This image displays a mosaic of found pieces that have fused together to create a stunning scene. The mixture of nature and manufactured fragments creates a sense of movement. The viewer is constantly fascinated to different sections within the image. The sand and glass show the cycle of life for these objects. The glass has returned to its birthplace and merged with its own materials.

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Hidden in Plain Sight - Nicole Dieguez

My photograph explores the invisibility of poverty in our society. This photograph demonstrates how little we pay attention to something we suggest as a substantial issue of our society. We have become so desensitized to these images. This desensitization allows us to simply drive right pass this type of scene.

Our vision of a home might not include a shed such as this, but there are people who call this home. This place goes unnoticed every day, even though it is just a few feet away from a busy road. The electricity lines and suburban neighborhood sign show us that this scene could be found in our backyard. This home, like the issue of poverty, is able to hide in plain sight. This photograph brings it front and center.

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Castaway - Naomi Montilla

Castaway came to me as I was sitting at the beach enjoying the Florida sun. It amazed me that somebody would throw away a can of beer out to sea knowing that the trash cans were not too far from the water. As I sat there wondering what will happen to this beer can? Where will it go? How will this beer hurt the environment? As I continue to watch the beer can go out to sea it frustrated me that somebody would do this. As fast as the ocean was trying to swallow the beer can, I jumped on my feet and run to save the ocean. By doing this project I learned how quick our trashcan get away from us. I was frustrated.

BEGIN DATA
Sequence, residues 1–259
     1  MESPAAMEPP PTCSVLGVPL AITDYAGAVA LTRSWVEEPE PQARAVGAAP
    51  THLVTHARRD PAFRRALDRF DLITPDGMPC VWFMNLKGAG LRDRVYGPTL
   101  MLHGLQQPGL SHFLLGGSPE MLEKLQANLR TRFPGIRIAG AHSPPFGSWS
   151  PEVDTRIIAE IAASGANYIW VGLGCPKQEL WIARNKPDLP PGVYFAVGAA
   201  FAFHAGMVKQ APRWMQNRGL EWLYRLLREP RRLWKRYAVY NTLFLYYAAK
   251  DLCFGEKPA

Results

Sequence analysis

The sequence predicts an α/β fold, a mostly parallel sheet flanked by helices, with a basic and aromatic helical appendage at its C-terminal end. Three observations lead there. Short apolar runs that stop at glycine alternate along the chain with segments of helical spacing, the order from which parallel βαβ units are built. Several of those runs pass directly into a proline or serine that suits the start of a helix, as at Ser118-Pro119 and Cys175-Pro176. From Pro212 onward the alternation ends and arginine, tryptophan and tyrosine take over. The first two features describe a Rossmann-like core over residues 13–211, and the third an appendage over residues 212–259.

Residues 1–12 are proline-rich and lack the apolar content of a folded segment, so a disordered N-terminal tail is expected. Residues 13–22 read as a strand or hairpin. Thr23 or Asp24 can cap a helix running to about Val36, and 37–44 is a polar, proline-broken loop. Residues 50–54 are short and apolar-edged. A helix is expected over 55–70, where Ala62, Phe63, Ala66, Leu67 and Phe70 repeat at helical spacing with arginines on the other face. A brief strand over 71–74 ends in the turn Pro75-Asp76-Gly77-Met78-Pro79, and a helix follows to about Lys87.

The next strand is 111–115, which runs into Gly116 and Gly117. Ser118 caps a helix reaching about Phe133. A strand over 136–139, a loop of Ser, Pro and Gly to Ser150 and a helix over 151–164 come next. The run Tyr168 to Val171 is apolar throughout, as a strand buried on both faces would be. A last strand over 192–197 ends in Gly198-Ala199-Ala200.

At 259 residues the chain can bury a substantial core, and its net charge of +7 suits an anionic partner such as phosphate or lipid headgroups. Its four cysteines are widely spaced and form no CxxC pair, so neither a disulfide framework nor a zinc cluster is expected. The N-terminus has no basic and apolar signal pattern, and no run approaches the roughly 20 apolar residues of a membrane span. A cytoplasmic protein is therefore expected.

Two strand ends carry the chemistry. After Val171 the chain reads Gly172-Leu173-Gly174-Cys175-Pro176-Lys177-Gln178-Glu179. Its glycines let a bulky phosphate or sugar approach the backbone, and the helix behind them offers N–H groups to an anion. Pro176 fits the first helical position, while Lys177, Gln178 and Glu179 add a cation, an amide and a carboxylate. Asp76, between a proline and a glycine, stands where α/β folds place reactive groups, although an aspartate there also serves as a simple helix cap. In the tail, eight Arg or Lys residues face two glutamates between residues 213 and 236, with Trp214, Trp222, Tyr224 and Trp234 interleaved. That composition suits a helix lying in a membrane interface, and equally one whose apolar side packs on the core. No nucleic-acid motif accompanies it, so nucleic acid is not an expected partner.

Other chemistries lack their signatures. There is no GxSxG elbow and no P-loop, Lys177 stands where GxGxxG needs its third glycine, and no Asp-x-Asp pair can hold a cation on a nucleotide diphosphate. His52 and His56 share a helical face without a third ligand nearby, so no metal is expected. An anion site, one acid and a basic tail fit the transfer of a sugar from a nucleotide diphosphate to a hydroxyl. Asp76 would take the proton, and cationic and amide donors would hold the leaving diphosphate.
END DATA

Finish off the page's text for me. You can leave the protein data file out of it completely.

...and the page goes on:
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Untitled - Maria Dampier

28°N 34’1.8”, -81°W 11’12.9”

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The Trash Queen - Heather Hubbard

My work creates an absurd metaphor that highlights a broad generalization of much of American society’s attitude in regards to the rising problems stemming from the lack of attention that is paid to help facilitate effective waste management. By removing refuse from its decorative urn and putting it in an unexpected spotlight it speaks to the blind eye many people have to the waste they create on a daily basis.

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Bottle Caps - C. Ross Brackin